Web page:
Tuesday, March 24, 2015

Don't Hug Me I'm Scared

Don't Hug Me I'm Scared is a 2011 short film produced by THIS IS IT Collective and directed by Becky Sloan and Joseph Pelling. The film is a parody of children's television shows which starts out like the typical kids show but becomes progressively darker. The juxtaposition of innocent looking characters singing a happy sounding tune with the embedded disturbing imagery leaves viewers with a WTF? feeling at the end.

Becky & Joe have released two sequels called Don't Hug Me I'm Scared II which deals with the concept of time and Don't Hug Me I'm Scared III which looks at the concept of Love. Both can be seen on their YouTube page here.

Friday, March 13, 2015

Interior Semiotics: Natacha Stolz

The following performance, titled Interior Semiotics, took place on March 27th, 2010 at an apartment gallery event in West Town, Chicago called FOREVER (21). Artist Natacha Stolz begins by awkwardly struggling to open a can of SpaghettiOs with a manual can opener. Finally succeeding in her task, she proceeds to pour its contents into a pot (which some believe has dirt in it), adds water, then mixes it all together with her hand while reciting some nihilistic poem about everything being shit.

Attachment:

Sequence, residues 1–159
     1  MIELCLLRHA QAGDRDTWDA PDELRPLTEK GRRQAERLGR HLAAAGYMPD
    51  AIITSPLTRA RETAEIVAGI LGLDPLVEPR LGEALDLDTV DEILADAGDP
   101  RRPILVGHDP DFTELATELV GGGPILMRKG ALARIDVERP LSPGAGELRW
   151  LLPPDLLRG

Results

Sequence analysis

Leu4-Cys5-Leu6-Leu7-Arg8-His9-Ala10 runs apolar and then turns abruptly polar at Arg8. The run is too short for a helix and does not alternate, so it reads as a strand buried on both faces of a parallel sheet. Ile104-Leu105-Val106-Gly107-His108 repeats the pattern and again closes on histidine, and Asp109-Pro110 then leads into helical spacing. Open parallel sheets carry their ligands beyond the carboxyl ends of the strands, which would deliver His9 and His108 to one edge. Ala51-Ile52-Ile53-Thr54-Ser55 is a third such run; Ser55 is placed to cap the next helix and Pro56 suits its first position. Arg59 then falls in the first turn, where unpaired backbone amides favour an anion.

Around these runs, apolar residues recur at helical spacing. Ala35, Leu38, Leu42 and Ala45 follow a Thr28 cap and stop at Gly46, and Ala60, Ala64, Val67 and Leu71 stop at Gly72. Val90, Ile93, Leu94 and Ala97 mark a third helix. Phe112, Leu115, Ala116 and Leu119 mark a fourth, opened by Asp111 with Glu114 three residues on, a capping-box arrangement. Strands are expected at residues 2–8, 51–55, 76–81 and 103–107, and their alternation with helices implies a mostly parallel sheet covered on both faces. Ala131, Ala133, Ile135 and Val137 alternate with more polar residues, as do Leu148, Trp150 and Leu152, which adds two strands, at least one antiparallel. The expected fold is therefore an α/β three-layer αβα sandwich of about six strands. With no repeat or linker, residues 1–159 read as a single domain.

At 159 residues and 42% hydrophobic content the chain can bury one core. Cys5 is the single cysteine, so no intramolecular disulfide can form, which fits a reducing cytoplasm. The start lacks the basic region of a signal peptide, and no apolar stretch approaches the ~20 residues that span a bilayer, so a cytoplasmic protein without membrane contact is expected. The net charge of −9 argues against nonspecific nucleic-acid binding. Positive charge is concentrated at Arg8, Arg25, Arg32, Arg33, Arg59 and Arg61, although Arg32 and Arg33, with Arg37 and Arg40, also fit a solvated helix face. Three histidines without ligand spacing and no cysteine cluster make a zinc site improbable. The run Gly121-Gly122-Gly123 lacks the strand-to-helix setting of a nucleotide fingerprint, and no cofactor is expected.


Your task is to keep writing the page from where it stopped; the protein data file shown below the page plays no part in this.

It's at this point things get freaky. Stolz begins to recite the poem backwards in monosyllabic form while rubbing the contents of the pot onto her chest. She then cuts her pants at the crotch, inserts her dirty SpaghettiO covered fingers into her vagina and then either urinates or expels some dark liquid she put inside her before the show, into the empty can below. Stolz ends the performance by taking off her shirt and using it to wipe up the mess.

I'm guessing that every year, somewhere around the country, some art student performs an equally shocking yet ultimately unimportant work as they leave the fold of the alternate universe known as the university. What's different about this one is that a video of the performance was taken and shortly after shared on 4chan. Within 48 hours the video had over 200,000 views. From there it went viral after being picked up by Buzzfeed, Reddit, I am Bored and others.

Though the performance received a great many WTF reactions, many commentators also focused on ridiculing the seemingly pretentious hipster crowd gleefully applauding what they believed to be a respectful bit of performance art. Is the criticism warranted? I'll leave it for you to decide.

Know Your Meme: Interior Semiotics